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Nato troops join Moscow victory day celebration, Sarkozy absent


Troops from the Nato military alliance paraded on Moscow’s Red Square for the first time ever on Sunday, invited by Russia’s government to take part in celebrations of the end of World War II. Although French troops took part, President Nicolas Sarkozy cancelled at the last minute.


Soldiers from Britain, France, Poland and the United States marched ahead of over 10,000 Russian troops and three nuclear-capable Topol-M missiles, which under the Soviet Union would have been pointed west.

France was represented by the Normandie-Niemen squadron, which fought on the eastern front.

But Sarkozy and Italian Prime Minister Silvio Berlusconi both announced on Saturday that they would not attend because of the crisis that his hit the eurozone.

Chinese President Hu Jintao and German Chancellor Angela Merkel were present, as were most of the leaders of ex-Soviet states that have since become independent.

But Georgia’s Mikheil Saakashvili was not among them. In April a Kremlin aide said that it would be “extremely bizarre” if he were invited since he had ordered the destruction of a Soviet-era monument to war heroes in the Georgian town of Kutaisi. Russia and Georgia fought a brief war over South Ossetia in 2008.

The run-up to the celebrations saw a row over the use of former Soviet leader Joseph Stalin.

Moscow Mayor Yury Luzhkov announced in February that posters showing Stalin would be hung around the city at the request of some veterans.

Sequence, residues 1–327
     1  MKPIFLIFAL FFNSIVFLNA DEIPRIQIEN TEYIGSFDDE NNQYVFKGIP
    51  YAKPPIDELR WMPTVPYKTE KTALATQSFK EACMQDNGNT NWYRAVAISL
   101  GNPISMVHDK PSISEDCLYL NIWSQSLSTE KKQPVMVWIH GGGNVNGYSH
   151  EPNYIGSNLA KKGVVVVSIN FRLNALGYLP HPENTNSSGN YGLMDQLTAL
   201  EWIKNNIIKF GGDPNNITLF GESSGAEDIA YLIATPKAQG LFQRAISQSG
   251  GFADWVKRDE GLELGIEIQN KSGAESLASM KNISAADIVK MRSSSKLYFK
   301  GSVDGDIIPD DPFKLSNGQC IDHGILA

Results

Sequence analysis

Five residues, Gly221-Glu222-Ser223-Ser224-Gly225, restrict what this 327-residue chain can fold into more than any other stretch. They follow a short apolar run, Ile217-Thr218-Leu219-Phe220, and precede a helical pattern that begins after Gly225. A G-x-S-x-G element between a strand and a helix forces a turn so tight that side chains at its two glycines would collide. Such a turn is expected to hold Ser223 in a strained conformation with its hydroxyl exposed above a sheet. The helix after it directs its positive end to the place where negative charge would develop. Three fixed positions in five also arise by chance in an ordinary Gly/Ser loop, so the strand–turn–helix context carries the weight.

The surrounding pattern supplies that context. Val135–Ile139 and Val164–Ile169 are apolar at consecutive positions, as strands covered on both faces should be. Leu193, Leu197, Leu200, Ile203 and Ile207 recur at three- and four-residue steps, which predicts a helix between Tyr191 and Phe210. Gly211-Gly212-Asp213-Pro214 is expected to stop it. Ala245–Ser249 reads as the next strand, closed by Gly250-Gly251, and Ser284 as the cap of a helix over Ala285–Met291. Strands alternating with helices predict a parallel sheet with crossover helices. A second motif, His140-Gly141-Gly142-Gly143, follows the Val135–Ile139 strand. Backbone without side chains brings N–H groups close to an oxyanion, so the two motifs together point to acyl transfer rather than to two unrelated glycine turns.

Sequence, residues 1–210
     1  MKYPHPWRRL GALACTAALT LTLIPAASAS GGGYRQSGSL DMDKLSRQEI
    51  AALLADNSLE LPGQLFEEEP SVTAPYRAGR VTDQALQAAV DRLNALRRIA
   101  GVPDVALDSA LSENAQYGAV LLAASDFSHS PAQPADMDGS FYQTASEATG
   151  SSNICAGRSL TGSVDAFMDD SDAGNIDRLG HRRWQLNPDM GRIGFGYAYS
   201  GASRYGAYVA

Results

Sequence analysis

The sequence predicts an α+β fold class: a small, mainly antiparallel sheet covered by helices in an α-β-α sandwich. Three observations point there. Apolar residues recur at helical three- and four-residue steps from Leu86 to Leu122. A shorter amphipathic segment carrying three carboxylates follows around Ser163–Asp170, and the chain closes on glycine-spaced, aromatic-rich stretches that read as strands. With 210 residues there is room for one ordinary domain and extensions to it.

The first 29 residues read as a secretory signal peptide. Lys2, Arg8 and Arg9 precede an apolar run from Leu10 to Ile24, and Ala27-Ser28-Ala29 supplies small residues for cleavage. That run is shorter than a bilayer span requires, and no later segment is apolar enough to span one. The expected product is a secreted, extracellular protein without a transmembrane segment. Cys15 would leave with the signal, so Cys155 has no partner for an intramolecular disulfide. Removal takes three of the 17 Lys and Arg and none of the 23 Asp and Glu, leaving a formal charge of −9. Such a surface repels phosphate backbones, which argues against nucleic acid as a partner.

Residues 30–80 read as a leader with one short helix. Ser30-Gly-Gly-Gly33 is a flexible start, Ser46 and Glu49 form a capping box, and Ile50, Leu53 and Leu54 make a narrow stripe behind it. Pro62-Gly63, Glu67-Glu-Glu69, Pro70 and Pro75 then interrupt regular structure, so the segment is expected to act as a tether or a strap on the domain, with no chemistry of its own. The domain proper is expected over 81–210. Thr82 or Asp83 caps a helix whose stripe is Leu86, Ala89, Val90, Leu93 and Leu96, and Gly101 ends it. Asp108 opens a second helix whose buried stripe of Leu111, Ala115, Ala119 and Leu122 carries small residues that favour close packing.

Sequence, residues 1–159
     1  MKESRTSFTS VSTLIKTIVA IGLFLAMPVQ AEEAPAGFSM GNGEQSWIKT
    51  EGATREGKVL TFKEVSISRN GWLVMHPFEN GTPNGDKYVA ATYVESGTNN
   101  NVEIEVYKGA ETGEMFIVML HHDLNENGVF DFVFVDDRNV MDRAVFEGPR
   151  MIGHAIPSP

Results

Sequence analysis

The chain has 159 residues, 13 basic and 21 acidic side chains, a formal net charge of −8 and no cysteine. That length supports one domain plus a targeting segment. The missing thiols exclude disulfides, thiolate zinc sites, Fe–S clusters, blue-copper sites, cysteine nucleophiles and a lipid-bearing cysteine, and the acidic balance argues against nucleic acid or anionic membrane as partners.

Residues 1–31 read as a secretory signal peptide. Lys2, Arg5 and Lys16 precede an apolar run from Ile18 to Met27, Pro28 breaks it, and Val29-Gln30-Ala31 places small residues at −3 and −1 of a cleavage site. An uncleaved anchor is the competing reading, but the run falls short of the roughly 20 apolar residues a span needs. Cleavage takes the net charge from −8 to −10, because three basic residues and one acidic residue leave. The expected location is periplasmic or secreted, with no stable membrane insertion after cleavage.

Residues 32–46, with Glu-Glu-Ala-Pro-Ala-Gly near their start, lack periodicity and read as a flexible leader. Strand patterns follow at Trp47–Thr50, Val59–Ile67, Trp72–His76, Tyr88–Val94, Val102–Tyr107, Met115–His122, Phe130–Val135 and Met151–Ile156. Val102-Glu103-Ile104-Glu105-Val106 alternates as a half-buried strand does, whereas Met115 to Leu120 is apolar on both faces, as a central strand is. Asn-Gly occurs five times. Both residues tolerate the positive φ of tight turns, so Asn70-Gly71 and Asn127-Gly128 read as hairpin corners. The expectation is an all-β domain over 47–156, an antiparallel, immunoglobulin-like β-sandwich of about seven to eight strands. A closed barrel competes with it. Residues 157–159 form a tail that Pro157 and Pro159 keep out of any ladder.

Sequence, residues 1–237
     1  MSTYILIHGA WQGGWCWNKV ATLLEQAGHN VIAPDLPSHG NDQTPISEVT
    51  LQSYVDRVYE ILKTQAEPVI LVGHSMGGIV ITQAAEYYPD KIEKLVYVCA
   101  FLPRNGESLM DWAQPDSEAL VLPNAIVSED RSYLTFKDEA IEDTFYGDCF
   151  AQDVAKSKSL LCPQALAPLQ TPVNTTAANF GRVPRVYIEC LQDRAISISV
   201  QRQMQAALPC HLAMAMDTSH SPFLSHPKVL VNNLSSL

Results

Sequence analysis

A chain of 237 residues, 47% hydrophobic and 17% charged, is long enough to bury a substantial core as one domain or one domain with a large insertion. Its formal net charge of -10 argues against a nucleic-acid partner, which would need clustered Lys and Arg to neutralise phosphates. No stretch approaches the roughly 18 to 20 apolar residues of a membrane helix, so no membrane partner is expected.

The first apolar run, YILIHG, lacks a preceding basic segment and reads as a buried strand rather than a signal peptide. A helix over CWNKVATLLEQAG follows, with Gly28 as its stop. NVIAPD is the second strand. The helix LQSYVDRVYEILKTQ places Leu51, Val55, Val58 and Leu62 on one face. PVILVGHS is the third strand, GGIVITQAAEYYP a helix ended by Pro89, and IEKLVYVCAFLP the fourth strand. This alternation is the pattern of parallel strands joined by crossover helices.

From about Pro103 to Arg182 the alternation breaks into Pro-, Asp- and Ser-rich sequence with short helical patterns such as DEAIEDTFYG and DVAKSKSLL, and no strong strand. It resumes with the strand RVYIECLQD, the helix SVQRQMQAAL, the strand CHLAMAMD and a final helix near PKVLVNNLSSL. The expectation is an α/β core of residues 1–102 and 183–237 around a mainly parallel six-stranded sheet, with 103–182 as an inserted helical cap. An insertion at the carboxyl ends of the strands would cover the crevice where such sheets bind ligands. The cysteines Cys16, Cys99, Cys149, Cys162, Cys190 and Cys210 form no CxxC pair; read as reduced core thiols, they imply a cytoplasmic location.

But other veterans and human rights groups objected because of the authoritarian nature of his regime and his alleged poor leadership at the beginning of the war.

The plan was abandoned and in an interview published Friday President Dmitri Medvedev declared the Soviet Union a “totalitarian regime”.

But Boris Dubin, of the Levada Analytical Centre, believes that the country’s present rulers regard Sunday’s celebrations as a symbol of lost power.

“The Russian government has a certain nostalgia for the time when Russia was not just a state but an empire,” he told RFI. “Today, for example, most of the media are trying to get Soviet symbols rehabilitated.”

Officials in the Russian Caucasus republic of Dagestan claim to have foiled a “major terrorist attack” on Sunday when a car packed with explosives blew up near a military base after being stopped by a police officer. One person in the car died.

In Chechnya, which like Dagestan faces Islamist unrest, police say they shot a bomber as he prepared to trigger an explosion.

The mine disaster in Siberia has also cast a pall over the day’s celebrations.


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